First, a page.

Over the past 20 years, the Legislature repeatedly has failed to pass a budget on time, costing taxpayers hundreds of millions in interest payments and leaving schools, municipalities and state workers holding the bag. The primary reason? The requirement that two-thirds of lawmakers approve the budget. The supermajority mandate turns democracy on its head, handing veto power to the minority.
Proposition 25 should end budget gridlock by reducing the threshold to a simple majority. And just in case that doesn't work, it would withhold salaries and per-diems from lawmakers who miss the budget deadline. We recommend a yes vote.
For similar reasons, we recommend voting no on Proposition 26, which would raise the vote threshold to two-thirds for certain fees collected by state and local governments. This would give more power to the minority and force the general public to pick up the cost of services, like cleaning up toxic waste, that now are borne by those responsible.
Opponents of allowing a majority vote on the budget are basing much of their campaign on a specious claim: that it would also allow the Legislature to raise taxes with a majority vote. It would not (although if it did, we would still support it, since we believe in majority rule). The state's 3rd District Court of Appeal shot down the argument, saying, "We find nothing in the substantive provisions that would allow the Legislature to circumvent the existing constitutional requirement of a two-thirds vote to raise taxes."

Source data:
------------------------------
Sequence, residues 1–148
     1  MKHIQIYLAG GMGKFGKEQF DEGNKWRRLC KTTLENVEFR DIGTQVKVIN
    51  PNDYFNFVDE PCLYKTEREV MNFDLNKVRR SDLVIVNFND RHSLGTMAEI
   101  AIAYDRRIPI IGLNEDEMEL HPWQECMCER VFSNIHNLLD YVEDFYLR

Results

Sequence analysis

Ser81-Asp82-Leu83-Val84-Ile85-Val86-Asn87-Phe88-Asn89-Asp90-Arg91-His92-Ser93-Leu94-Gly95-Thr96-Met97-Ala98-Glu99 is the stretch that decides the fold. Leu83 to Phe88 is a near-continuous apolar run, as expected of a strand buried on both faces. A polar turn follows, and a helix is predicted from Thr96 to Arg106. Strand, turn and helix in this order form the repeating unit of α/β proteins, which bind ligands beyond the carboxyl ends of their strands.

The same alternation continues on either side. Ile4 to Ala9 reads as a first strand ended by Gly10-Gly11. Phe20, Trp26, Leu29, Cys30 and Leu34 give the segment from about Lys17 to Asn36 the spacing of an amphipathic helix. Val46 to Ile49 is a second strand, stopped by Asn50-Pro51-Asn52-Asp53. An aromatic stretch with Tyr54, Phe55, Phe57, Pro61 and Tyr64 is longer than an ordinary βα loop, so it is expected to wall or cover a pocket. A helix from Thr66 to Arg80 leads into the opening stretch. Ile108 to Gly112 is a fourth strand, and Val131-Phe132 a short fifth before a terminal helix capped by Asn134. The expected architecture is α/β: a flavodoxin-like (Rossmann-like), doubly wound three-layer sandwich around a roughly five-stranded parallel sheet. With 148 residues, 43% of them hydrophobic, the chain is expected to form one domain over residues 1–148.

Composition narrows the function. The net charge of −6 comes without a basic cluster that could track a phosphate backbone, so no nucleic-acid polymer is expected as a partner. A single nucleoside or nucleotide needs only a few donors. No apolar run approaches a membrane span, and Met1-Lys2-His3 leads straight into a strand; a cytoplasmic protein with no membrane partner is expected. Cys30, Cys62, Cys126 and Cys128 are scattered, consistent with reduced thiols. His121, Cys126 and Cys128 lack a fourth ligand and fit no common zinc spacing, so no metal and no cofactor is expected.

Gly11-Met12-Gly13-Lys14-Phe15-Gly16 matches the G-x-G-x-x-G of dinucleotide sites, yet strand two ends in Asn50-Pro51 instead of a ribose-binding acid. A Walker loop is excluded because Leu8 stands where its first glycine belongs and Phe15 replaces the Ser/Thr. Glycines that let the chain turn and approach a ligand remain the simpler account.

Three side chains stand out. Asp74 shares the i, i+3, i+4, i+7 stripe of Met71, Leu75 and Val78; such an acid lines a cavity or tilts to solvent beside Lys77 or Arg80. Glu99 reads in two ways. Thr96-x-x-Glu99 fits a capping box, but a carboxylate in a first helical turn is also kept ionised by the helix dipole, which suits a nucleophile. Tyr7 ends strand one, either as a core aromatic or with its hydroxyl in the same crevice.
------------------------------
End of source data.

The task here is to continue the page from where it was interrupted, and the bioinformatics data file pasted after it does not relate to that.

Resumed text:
Supporters of the two-thirds requirement say that it forces Democrats and Republicans to compromise. In reality, it just forces Democrats to spend months figuring out how to buy the votes of a few Republicans. And it allows each party to blame the other for the budget mess. Wouldn't it be better if voters knew whom to hold accountable?
Further budget reforms are needed, including a two-year budget cycle and limits on spending one-time revenue. But allowing a simple-majority vote to pass the budget -- as 47 other states do -- is crucial to ending gridlock.
Proposition 26 would worsen that gridlock. It would raise the vote threshold to two-thirds in the Legislature for any fee that benefits the public but does not directly pay for a service the payer receives. (One example: the fees charged to companies that deal with hazardous waste, which help pay to clean up all toxic sites.) Local lawmakers would have to get two-thirds voter approval for such a fee, an unnecessary impingement.
Since the two-thirds threshold is impossibly high, and because of differing interpretations of the initiative's intent, many worry it would negate a broad range of fees, such as those paid by tobacco companies to fund smoking cessation programs or event promoters to provide police protection. Taxpayers would be forced to foot the bill for these costs, which should be borne by the companies profiting from the activities. Sponsored largely by oil, tobacco and alcohol companies, Proposition 26 has been called the Polluter Protection Act -- an apt moniker.
Despite all the hand-wringing about Sacramento's seemingly intractable dysfunction, voters can do something to fix it this fall by voting yes on Proposition 25. And they can avoid making the problem worse -- while saving themselves some money -- by voting no on Proposition 26.
Fri, October 8, 2010
by Andrea Landis